First published: Mar 2013
Printed paper and packaging has recently been added to the B.C. Government’s Environmental Management Act. As recommended by the Canadian Council of Ministers of Environment, B.C. is one of four provinces attempting to divert landfill waste by legislating what is accepted by landfills. The regulations take effect in May 2014. Print and packaging designers need to get up to speed now in order to avoid making costly errors for their clients.
Currently, municipalities, and therefore taxpayers, bear the financial and administrative burden for recycling. As such, what is accepted at recycling facilities is inconsistent throughout the province. Under the new Act, collection and recycling strategies will be the responsibility of the brand owners (“producer”) of packaging and printed paper (PPP). The program is known as “Extended Producer Responsibility” (EPR). If successful, the Act will increase the recycling rate of printed paper and packaging in all areas of the province from 55 per cent to 75 per cent, resulting in reduced landfill waste and greenhouse gas emissions.
In a nutshell, Schedule 5 of B.C.’s Environmental Management Act states that effective May 2014, brand owners selling or distributing printed paper products or packaged products must have a plan approved by the Ministry of the Environment addressing how they will manage their product’s end-of-life. The Act includes printed paper (newspapers and inserts, magazines, catalogues, telephone directories, other printed paper); paper packaging (corrugated cardboard, boxboard, kraft paper bags, molded pulp containers, polycoat cartons and cups, aseptic containers); most plastic packaging numbers 1 through 7; aluminum cans and foil; steel cans; spiral-wound cans; and glass jars. The good news is that those of us in B.C. will likely see more items accepted for recycling.
While your client is ultimately responsible for mitigating risk for their business, you as a designer have an opportunity to play a valuable role by understanding the nuances of the Act and learning how to design within them.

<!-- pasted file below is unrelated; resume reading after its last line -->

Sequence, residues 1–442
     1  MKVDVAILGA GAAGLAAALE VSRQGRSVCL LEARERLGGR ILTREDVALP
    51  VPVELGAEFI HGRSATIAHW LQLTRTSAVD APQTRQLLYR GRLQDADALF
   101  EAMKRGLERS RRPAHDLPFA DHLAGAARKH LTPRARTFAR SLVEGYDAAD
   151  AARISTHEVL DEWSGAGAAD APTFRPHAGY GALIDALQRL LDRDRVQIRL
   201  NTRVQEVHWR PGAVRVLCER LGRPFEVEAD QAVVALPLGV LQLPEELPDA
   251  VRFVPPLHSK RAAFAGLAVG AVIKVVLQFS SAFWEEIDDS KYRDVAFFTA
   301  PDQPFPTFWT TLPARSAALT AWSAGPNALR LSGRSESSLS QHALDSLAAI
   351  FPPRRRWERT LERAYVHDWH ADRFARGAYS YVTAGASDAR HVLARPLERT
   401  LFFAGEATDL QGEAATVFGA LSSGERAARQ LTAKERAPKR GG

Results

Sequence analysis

Understanding the terms as defined by the Act are the first step. Printed paper, regardless of fibre source, that is not packaging, is defined as containing text and graphics. The Ministry of Environment noted that annual reports and magazines fall within the term “printed paper” and therefore the producer is responsible for their disposal under the new regulations. This means that the publication must be recyclable within the curbside recycling stream—no glued bindings (staples are OK), no coil binding, or other non-paper recyclable items contained within or on the paper.
Packaging is defined as “a material, substance or object that is used to protect, contain or transport a commodity or product...” Designers who understand and design for the new regulations will help their clients to avoid paying penalties or worse. Companies failing to comply with the Act apparently will not be permitted to sell or distribute their product in B.C. It is not known how the province will police these regulations.
The old school design approach didn’t consider what happened to a product at the end of its life, so it was sent to the dump when its life was over. To mitigate overflowing landfills and provide another source of energy, new waste incinerators—which burn waste to generate energy—have been proposed in the province. But these plans come with heavy impacts on the environment and human health. Current design approaches include items that are recyclable after use, but reuse of materials is more responsible. While better examples of product design and print design are few and far between, in the coming years we will see minimal use of materials and resources for packaging and, better still, none used at all. Consider the dried fruit purees that act as a plastic wrap designed by the U.S. Dept. of Agriculture, or MIT’s zero packaging solution that laser engraves directly on fruit and vegetables. It is an exciting time for industrial designers who are creating new materials. It is equally exciting for print and packaging designers who are likely to find themselves applying design to a whole new complement of materials.
The new Act is being watched by all provinces since B.C. is the first to implement the industry-lead scheme for PPP in Canada. Quebec, Ontario and Manitoba have had similar programs in place for some time but have not regulated province-wide standards for recycling as B.C. is doing. B.C. is leading North America in EPR programs. Phase one is set to be completed by 2015. Phase two is set to be completed by 2017 and will include construction and demolition materials, furniture, textiles, carpeting and appliances.
The GDC’s National Sustainability Committee will keep a keen eye on the Act as it evolves and share what we learn. If B.C. achieves its reduction goals, other provinces with existing EPR initiatives may follow suit and get industry involved in making further changes.
The design trend then for 2013/14 should be to avoid mixing materials in your print work. Let graphic solutions do the work for you, exemplify new design practice and stay ahead of the crowd.